You must be aware of relevant food safety legislation and you must register your business with the local authority environmental health department.
The Food Safety Act
Food safety law is complex and there are many specific regulations. These are all concerned with ensuring that food which is sold is safe to eat. The main pieces of legislation are the Food Safety Act and the Food Hygiene Regulations, which cover all aspects of food preparation, storage and sale.
You will need to manage hygiene systematically throughout the business. Premises, vehicles and any equipment used must be of an appropriate design and standard. Cleanliness and good personal hygiene must be observed at all times and training may be required. You will need to put in place food safety management procedures based on HACCP principles. HACCP stands for Hazard Analysis Critical Control Point and is a system used to identify possible food safety problems and to put in place procedures to stop these happening. You can find out more about HACCP on the Food Standards Agency website.
All food businesses must be registered with the local authority environmental health department. An officer will visit your site and will be able to give you guidance on the steps you need to take to comply with food safety legislation.
Regulations concerning milk and dairy products
The Food Hygiene Regulations include special requirements for the production, heat treatment and marketing of milk and dairy products. Most of these apply mainly to dairy establishments, but some will be relevant to roundsmen too.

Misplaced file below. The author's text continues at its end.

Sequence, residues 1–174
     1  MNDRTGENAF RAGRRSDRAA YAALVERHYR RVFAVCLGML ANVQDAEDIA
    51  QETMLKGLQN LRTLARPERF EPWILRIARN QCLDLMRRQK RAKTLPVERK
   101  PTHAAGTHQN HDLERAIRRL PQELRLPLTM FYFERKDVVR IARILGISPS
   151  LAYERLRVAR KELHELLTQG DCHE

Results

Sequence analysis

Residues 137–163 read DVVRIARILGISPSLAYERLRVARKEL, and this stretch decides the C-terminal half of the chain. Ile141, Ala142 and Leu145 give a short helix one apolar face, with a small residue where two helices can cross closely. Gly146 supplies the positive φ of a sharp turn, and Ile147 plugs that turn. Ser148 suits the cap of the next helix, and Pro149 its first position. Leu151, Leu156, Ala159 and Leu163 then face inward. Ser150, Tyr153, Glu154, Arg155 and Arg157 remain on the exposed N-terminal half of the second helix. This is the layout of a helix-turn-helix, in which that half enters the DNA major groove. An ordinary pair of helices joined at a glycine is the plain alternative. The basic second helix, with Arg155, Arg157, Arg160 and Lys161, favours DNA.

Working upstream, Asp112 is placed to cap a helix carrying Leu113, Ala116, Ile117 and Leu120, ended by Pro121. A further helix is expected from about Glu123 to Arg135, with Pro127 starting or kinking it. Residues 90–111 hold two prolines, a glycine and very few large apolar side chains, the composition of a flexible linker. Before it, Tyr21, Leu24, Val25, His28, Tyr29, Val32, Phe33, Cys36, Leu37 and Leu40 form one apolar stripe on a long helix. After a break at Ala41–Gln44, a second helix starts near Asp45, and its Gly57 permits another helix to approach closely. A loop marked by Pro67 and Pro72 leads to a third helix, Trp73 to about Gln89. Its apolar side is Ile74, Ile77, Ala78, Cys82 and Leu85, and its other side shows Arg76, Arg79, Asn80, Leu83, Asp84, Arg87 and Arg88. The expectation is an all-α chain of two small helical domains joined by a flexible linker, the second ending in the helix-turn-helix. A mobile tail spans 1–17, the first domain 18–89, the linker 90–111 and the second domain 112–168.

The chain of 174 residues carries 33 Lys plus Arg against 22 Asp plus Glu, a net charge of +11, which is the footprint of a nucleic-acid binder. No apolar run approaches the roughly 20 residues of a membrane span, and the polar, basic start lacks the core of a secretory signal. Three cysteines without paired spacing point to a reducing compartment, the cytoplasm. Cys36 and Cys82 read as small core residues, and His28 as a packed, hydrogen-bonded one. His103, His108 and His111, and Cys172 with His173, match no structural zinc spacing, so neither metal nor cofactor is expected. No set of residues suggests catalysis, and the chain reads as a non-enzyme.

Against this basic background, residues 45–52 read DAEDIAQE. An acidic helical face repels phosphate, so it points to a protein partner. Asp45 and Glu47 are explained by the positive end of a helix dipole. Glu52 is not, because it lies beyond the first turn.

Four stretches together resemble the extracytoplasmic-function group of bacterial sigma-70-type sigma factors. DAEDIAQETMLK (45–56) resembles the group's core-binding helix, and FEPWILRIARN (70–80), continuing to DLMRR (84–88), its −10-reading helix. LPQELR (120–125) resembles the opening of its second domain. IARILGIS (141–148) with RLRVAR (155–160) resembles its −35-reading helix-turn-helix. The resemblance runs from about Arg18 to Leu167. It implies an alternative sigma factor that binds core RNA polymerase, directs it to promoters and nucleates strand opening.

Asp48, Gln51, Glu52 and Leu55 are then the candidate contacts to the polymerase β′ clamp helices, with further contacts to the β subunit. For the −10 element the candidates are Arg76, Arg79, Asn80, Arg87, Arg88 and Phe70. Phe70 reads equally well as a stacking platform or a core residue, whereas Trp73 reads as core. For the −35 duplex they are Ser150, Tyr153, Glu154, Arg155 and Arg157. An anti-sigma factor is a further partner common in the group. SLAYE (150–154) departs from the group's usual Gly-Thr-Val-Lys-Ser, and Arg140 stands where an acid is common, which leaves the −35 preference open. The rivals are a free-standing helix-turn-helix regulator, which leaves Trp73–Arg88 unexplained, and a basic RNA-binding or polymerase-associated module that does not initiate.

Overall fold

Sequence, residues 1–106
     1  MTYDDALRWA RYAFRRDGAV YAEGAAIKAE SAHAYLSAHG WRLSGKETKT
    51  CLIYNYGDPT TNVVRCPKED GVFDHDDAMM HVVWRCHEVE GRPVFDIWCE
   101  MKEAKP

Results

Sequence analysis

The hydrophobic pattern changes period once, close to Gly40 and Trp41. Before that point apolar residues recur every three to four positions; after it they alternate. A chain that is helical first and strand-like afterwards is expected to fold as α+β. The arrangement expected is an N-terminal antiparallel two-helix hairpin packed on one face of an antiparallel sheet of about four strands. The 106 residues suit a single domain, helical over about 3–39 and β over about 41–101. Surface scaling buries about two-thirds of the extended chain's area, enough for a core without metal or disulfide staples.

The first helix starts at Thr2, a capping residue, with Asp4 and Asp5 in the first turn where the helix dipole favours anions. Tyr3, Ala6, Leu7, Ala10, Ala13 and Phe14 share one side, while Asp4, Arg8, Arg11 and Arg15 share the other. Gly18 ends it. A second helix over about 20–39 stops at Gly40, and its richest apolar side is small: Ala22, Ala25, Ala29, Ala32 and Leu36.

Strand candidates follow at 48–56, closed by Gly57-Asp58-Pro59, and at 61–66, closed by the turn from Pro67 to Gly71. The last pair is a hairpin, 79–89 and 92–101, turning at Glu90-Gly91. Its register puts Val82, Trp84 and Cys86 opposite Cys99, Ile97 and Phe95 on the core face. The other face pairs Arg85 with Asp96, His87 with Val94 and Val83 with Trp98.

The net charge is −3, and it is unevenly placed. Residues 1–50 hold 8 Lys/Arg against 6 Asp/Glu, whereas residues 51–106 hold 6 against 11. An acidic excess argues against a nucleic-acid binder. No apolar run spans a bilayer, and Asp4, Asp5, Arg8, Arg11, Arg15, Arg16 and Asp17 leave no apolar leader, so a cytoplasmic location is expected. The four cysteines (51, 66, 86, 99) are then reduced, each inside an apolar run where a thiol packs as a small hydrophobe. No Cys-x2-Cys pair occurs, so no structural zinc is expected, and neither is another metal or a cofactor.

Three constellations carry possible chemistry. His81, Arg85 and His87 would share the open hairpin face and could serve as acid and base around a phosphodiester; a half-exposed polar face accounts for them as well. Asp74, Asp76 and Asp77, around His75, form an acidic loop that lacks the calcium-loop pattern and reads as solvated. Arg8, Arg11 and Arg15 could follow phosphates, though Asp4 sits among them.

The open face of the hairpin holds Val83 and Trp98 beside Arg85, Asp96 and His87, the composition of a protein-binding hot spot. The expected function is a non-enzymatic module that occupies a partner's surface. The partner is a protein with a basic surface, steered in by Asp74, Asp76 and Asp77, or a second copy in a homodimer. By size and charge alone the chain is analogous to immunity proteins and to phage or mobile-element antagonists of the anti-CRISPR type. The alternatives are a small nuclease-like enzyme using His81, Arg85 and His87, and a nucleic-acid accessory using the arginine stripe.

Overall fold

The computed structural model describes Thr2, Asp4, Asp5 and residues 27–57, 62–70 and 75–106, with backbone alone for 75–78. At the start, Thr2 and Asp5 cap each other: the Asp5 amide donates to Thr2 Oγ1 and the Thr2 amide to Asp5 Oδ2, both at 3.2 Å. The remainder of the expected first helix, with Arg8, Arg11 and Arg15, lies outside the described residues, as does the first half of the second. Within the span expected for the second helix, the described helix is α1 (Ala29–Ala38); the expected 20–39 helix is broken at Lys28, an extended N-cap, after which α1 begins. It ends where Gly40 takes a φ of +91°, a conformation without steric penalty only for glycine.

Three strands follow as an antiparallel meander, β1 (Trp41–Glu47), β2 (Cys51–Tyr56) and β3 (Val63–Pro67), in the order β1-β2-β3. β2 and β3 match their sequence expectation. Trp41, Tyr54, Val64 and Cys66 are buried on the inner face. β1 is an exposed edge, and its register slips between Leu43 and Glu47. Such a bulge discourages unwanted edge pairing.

The type of milk that can be sold is regulated - for example, there are restrictions on the sale of raw (unpasteurised) milk although these may be reviewed in the future. In Scotland the sale of raw milk is banned. There are also requirements that temperature controls are observed for certain products (for example milk, yoghurt and cream). The description and labelling of dairy products is also closely controlled.
Organic milk and dairy products can only be sold as 'organic' if they have been produced by a registered organic producer. Contact the Soil Association for more information.
Although no longer an official system, the colour of milk bottle tops remains a widely recognised way of identifying the type of milk contained in the bottle.
If you deal with other products such as eggs or ice cream, you should be aware of any special requirements that apply. For example, you must not sell eggs that contain any visible cracks. Regulations also cover the information that must be given to customers, such as a 'best before' date, and storage instructions.
Your local authority environmental health department will be able to advise you about all food safety, hygiene matters and the regulations with which you must comply.
Various helpful publications, including the free Safer food better business pack and Safe catering (Northern Ireland), are available from the Food Standards Agency. You can order publications through the Food Standards Agency publications orderline on 0845 606 0667 or you can visit the Food Standards Agency website.